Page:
If the payer controls the business aspects of the worker’s job, then the worker is probably an employee.

Does the worker have un-reimbursed expenses? Can the worker make business decisions that would affect their profit or loss? This “risk of loss” is a key defining component of a business and not of an employee. But if the worker were paid regardless of whether the work is completed, then that would indicate an employee. Owning tools, equipment, supplies, a computer, and such, represent business expenses that an employee doesn’t normally have, and so are consistent with independent contractor status. If the paying business provides the tools, supplies, etc. needed to perform the job, then the worker is probably an employee.

How is the worker paid? Generally, employees are paid by the hour and receive pay on a specific pay-period basis.  If the worker were paid by the job when the work is completed, that would indicate an independent contractor. However, some professions do charge clients in advance and/or an hourly rate for their services, such as lawyers, bookkeepers, or accountants, so that does not automatically determine employee or independent contractor status.

Is the worker available to provide services other clients? When a worker spends 40 hours per week at one company, the IRS views the worker as an employee. A good test of a worker’s independent contract status is if they have multiple clients. The more the better.

Type of Relationship
Is there a written contract?  Are there any employee benefits, such as a pension plan, insurance, vacation pay, etc? Will the relationship continue over the long term? Is the work performed a key aspect of the business?

When considering the use of an independent contractor, evaluate all the above factors. If any of these criteria point toward the worker being an employee, then that is the classification you should most likely use. If you decide that the worker is indeed an independent contractor, realize that should you be audited, the IRS will make their determination independent of your reasoning and may still classify them as an employee, making you liable for back taxes, interest and penalties. And then your Workers Comp carrier will start in on you. It will get expensive very fast.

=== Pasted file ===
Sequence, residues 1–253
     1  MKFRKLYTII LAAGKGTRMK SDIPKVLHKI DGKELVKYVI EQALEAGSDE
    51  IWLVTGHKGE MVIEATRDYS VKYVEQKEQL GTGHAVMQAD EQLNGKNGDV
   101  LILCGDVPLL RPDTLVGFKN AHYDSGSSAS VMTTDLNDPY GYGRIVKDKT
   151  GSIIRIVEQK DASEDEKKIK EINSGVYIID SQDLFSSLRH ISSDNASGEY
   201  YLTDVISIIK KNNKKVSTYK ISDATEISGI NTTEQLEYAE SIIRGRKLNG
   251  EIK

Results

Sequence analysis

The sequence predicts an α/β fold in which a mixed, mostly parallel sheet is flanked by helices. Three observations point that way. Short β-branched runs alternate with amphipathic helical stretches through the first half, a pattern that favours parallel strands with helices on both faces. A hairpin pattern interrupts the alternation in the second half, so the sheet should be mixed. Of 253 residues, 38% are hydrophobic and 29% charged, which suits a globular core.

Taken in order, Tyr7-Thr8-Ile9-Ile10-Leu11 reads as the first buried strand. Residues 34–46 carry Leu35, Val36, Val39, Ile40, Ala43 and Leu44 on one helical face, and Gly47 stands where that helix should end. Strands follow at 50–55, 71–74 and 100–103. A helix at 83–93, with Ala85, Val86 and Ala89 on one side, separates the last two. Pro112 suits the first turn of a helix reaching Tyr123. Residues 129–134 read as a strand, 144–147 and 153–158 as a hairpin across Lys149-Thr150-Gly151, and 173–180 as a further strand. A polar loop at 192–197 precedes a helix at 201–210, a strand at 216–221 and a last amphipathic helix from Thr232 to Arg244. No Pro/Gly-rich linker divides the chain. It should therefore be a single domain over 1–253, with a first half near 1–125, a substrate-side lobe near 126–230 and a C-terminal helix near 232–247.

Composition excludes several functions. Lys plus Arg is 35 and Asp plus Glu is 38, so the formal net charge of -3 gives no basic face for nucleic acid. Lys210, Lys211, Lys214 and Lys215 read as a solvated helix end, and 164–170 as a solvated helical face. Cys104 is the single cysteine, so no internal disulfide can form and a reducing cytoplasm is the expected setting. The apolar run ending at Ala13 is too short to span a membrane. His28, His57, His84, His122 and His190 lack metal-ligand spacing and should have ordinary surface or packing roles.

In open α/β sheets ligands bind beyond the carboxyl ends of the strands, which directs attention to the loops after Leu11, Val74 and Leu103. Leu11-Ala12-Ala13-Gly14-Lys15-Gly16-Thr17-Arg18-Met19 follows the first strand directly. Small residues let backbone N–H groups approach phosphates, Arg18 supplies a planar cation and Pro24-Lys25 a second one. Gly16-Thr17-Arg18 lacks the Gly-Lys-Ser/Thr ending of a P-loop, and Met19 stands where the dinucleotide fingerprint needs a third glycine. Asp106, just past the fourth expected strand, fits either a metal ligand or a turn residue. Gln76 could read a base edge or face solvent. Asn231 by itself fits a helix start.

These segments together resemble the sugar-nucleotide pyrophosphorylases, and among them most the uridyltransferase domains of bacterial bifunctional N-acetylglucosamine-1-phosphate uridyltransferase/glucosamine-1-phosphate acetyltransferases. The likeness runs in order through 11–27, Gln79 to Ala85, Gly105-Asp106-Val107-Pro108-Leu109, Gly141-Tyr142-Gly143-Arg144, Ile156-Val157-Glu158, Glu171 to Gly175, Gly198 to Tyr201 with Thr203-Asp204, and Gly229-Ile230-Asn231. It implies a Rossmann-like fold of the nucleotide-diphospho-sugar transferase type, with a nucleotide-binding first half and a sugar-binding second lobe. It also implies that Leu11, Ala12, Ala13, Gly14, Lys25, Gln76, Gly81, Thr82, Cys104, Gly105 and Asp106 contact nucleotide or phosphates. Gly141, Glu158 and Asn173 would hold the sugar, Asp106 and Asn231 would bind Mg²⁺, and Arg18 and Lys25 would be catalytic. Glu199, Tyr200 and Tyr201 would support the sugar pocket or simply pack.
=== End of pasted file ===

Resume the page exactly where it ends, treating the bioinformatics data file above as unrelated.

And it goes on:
Still, you can maximize your chances of prevailing by making certain that your vendor is indeed a true business entity and deserving of the independent contractor status.

You should always have a proper written and signed independent contractor agreement that defines all the relationships and the duration of the work, and lists the responsibilities of each party to pay certain taxes and insurance. Of course a contract alone will not be a determining factor, but it will be a positive factor.

An independent contractor should also have all the licensing and business registrations required to provide their services. They should at least have a business license and have filed a Fictitious Business Name Statement. If they were incorporated, that would provide the best possible evidence to prove the validity of the independent contractor status (unless you have set them up as a corporation yourself). Remember, an independent contractor must be determined to not only be a business, but to be a separate business entity.

Here is a sample checklist of documents you should require from an independent contractor:

– Signed contract
– Signed W-9 form
– Copy of Fictitious Business Name Statement
– Information on how business is structured (sole proprietorship, partnership, corporation, or LLC)
– Business address and phone number
– Unemployment insurance number and Employer Identification Number (if contractor has employees)
– Copies of professional or business licenses